The idea behind the Eye FX 3D Adapter developed by SplitFish is to deliver true stereoscopic visuals from your PS2 game collection without having to buy "3D" versions of the games. The 3D glasses plug into your PS2 via the controller adapter, while your Dual Shock piggybacks into the 3D adapter hub.

The glasses aren't your usual "Spy Kids in 3D" blue and red headache inducing goggles, but instead utilize a see-thru grey (like sunglasses) liquid crystal display that provides depth by flickering the lenses in rapid succession. I had a pair of 3D liquid crystal glasses like this for Sega's Space Harrier back on the Sega Master System, so the technology itself has been around for quite awhile.

Unfortunately the games SplitFish tested to work the best with the EyeFX3D, are all fairly old and truth be told I had not one of them in my gaming library any longer. Games like 007: Agent Under Fire, Timsplitters 1 & 2, Ace Combat 4 & 5, DropShip, Half-Life, Star Wars: Bounty Hunter etc. This meant I had to take a trip to a few rental places to locate what I could and even then I had a lot of trouble locating the "best" games to test this unit with. The only one I successfully located was last years TimeSplitters: Future Perfect which had been relegated to the 7 day rental area of one of my local video stores. With most games on the list having had their heyday a couple of years ago, with the exception of Future Perfect and Ace Combat 5, either you'll have these games in your collection or like me you may have to try and hunt them out (with varying degrees of success).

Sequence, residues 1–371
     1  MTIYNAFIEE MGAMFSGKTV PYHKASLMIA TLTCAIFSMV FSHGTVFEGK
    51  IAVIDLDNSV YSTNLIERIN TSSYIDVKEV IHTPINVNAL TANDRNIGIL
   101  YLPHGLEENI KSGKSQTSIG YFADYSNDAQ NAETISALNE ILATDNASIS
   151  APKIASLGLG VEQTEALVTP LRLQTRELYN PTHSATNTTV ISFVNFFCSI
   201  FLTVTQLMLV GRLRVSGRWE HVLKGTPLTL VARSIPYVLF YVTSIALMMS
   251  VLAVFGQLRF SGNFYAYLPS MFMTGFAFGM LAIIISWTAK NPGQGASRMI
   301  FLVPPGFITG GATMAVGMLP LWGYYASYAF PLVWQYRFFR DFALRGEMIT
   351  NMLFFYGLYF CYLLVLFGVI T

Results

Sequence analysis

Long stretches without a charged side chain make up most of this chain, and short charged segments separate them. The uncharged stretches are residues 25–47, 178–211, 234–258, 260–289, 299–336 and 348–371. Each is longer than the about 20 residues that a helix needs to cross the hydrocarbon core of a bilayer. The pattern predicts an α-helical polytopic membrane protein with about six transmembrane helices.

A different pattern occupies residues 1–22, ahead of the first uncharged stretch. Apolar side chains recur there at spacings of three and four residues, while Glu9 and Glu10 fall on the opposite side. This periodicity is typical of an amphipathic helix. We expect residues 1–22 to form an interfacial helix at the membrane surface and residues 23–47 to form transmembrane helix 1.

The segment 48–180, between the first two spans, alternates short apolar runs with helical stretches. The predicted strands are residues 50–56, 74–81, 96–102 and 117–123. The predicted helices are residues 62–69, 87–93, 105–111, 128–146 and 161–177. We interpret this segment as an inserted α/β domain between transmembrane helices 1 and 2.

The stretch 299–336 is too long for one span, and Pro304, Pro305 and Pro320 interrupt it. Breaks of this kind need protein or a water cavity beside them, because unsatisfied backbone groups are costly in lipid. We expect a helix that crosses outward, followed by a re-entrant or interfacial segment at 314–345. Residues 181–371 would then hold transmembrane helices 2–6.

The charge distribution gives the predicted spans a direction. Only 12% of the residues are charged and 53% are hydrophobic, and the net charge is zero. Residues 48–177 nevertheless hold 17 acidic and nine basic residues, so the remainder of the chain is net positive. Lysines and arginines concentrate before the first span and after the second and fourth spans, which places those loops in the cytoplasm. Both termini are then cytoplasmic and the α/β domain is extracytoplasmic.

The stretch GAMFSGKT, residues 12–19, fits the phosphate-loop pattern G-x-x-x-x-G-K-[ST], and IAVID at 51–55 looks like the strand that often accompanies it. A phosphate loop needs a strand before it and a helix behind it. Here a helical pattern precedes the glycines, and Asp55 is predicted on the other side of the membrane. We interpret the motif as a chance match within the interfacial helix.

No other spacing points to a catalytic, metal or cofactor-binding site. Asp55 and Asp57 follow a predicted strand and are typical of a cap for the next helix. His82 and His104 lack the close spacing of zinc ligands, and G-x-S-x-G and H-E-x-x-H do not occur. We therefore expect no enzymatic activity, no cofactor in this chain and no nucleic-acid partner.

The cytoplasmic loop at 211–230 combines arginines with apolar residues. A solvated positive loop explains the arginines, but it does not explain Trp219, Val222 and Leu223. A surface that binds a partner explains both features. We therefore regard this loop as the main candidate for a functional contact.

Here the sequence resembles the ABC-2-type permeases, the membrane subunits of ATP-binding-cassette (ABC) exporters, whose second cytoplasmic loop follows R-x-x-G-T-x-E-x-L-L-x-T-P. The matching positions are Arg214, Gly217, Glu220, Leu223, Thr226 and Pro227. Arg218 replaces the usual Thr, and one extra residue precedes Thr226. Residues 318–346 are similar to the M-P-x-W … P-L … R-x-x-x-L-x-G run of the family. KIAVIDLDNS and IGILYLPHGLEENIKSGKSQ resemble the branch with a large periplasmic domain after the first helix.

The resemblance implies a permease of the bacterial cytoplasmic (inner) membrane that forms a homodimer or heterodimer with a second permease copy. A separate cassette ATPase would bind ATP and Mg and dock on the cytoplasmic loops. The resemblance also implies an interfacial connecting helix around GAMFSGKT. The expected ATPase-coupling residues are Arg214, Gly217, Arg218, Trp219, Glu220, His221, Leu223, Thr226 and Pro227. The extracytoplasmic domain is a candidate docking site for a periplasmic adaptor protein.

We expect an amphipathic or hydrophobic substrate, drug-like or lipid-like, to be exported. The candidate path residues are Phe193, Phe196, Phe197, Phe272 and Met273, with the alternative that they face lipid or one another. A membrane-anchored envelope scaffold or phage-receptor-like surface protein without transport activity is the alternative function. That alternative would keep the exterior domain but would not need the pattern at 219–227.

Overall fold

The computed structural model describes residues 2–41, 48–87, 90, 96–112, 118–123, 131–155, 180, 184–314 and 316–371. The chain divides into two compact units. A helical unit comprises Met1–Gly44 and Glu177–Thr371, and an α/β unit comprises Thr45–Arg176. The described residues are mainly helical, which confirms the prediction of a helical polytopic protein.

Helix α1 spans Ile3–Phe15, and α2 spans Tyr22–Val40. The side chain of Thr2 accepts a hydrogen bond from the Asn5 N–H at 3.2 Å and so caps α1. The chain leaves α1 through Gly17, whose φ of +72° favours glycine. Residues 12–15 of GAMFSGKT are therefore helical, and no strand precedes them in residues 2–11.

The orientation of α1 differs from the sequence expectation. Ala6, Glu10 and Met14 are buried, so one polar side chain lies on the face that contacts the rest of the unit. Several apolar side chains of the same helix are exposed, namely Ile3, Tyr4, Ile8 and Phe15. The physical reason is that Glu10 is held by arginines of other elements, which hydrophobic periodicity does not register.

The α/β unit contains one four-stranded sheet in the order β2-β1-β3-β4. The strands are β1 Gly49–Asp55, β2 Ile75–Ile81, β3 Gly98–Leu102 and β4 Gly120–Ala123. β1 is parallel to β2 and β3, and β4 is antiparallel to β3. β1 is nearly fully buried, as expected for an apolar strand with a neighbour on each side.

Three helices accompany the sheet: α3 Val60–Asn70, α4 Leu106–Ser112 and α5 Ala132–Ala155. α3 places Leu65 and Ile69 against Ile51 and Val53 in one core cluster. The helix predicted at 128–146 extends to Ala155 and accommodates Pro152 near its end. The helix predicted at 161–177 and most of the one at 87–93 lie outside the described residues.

Splitfish recommends playing in the dark which significantly increases your chances of depth perception as you do not want any reflections on the TV screen. If you have flourescent lights on while attempting to use the glasses, the flicker will be so intense you'll be hypnotized and doing your little brother's evil bidding in no time flat. "Yesssss master...." Seriously, don't play with flourescent lights on as you don't want to tempt fate into delivering you one of those good old Pokemon seizures that were popular a few years ago. You've been duly warned.


So I took SplitFish's advice and loaded TimeSplitters: Future Perfect. The 3D effect was extremely easy to setup. Once the game started, I held down the Select button for two seconds and once I let go, the EyeFX3D kicked into Setup mode - the dongle that plugs into the PS2 controller slot lights up and indicates that the unit is working. While in Setup mode, you can select between 5 settings by pressing either right or left on the d-pad. The system will indicate which setting you have activated if you look at what area is lit up on the dongle. You can also increase or decrease the 3D effect by pressing up on the d-pad. You will instantly be able to tell if the 3D effect is on because the TV screen will flicker quickly. For Future Perfect I used setting 5 which for my eyes, worked the best. Sure enough, the glasses added a layer of depth to the environments which worked best in outdoor settings in my opinion. You won't be seeing explosions fly off the screen or anything of that nature, but you will get an accelerated sense of depth. Explosions, moving behind objects and flashy lighting effects were certainly impressive as you could definitely tell it was enhanced over the original game.